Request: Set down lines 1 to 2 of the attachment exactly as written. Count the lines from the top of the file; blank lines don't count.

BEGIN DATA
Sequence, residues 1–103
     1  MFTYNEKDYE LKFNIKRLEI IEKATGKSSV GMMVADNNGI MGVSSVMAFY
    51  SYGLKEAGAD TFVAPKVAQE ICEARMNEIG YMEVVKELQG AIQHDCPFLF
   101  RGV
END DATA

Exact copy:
Sequence, residues 1–103
     1  MFTYNEKDYE LKFNIKRLEI IEKATGKSSV GMMVADNNGI MGVSSVMAFY